War and the Intellectual Wasteland
Skimming along the surface, gliding at speed over the tips of waves, blissfully unaware of the depths, is of the essence of this age. American businessman and self-appointed moral scourge Ben Shapiro, who is nothing if not of this age, is taking his usual fake-intellectual-for-profit routine to the subject of global conflict, specifically the war in Ukraine.
His speed-talking schtick — skimming along the surface of ideas to evade the responsibility of, or rather to hide his inability to undertake, the cold, inconvenient, and materially unprofitable plunge into the profound — is obnoxious enough when the subject of his high school debate champion tactics is a transient matter of domestic policy, where his carefully calculated echo chamber call-outs are merely worthless. When, however, the matter at hand is authoritarianism on the march on a global scale — not “marching through the institutions,” but rather through the real towns and kitchens of actual human beings who are losing their lives and their country to naked aggression — Shapiro’s trivial mind and cash-register principles are truly sickening. For in this case the relevant echo is not Shapiro’s own helium-inflated voice bouncing around the falsely named “American conservative movement,” but rather the voice of Munich circa 1938, the voice of Neville Chamberlain, the voice of Czechoslovakia betrayed, the voice of world-historical appeasement, and the voice of hundreds of thousands of Europeans on the brink of enslavement and destruction. Such voices, however, echo not on the glinting surface of contemporary life and political entertainment for profit, but only in the distant fathoms, where our profiteering opinion-sellers dare not go, or rather where they lack the education and moral depth to go.
I will not quote one word of this millionaire minion’s carefully scripted attempt to appease all the major demographic groups of his Daily Wire audience (you may hear the whole dismal thing at the link in the first paragraph), sympathizing with the sad plight of the Ukrainian people and condemning the injustice of the Putin invasion, while at the same time asserting, with all the who-the-hell-does-he-think-he-is certitude of the teenage know-it-all, that of course “Russia” has legitimate security interests that must be acknowledged, that of course Ukraine has “understandable” but untenable territorial demands (e.g., national sovereignty) that cannot reasonably be met, and that, therefore, of course the United States must broker a peace that leads to some middle ground concessions from each side, since, again, Russia has, after all, legitimate security concerns about the threat of NATO on its doorstep.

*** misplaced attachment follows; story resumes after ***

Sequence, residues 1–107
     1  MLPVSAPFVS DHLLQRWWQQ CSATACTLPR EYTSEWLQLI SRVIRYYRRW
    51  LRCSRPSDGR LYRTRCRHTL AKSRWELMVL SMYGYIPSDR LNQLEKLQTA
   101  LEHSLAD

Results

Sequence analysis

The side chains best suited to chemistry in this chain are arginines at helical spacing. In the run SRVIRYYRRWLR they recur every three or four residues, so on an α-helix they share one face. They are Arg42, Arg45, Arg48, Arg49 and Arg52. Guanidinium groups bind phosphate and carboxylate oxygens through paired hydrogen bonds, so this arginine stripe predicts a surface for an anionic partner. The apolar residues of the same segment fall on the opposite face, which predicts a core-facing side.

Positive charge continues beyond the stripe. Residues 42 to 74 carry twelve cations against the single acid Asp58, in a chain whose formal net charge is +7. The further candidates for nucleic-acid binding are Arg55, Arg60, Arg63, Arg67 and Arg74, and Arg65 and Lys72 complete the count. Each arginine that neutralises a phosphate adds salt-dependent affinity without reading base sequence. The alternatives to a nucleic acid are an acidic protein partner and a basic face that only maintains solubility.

This is “today’s conservative intellectual,” aka today’s popular mouthpiece of Republican establishment talking points. No different, in ultimate worth or effect, than the Tucker Carlson Putin Propaganda Hour, or the Jordan Peterson Capitulation Is the Only Way Out Homily.
It has been a long time since Americans, and not only Americans, have felt any electricity in their daily wires from a genuine thinker of any kind, especially a thinker who has engaged seriously with the meaning and psychology of global tyranny. With that in mind, let us yield the floor for a moment to a Frenchman from forty years ago, to enliven our spirits — or to offend the echo chamber, which is equally satisfying in its own way — with a reminder of what a real public intellectual and man of principle would say about these matters, were such men able to be heard today above the tinny din of profiteering podcasts and the self-aggrandizing bon mots of Twitter screeds.
Territorial imperialism’s second advantage is that it is renewed, fortified and justified by its very success. The wider an empire is, the more it is threatened and, accordingly, the more it must expand to neutralize further threats…. We have heard ad infinitum about the Soviet Union’s “fear of encirclement,” the greatest strategic farce of modern times. Obviously, the wider your ring of borders spreads, the more countries you come to touch on, and these all become potential centers of aggression against you. The simplest way to neutralize a potential center of aggression is to install a friendly government there. But this friendly power, while no longer a threat to you, is in turn exposed to the hostility of countries beyond it, the countries against which it buffers you. In fact, your real frontier becomes that of your new friend. And since this friend also has the right to suffer deep feelings of insecurity, it will surely appeal for your fraternal assistance. We know it will not appeal in vain.
Let’s be logical: the only way for the Soviet Union to make certain its borders are not threatened, that they are fully secure, is to have no more borders at all or, if you prefer, borders that coincide with the entire world. Only then will “peace and security” be guaranteed to all mankind. And it is because they absolutely must have this guarantee that, as Brezhnev told the Soviet Party Congress, “the total triumph of socialism throughout the world is ineluctible.”
— Jean-François Revel, How Democracies Perish, translated by William Byron, Garden City, N.Y.: Doubleday & Company, 1983, p. 65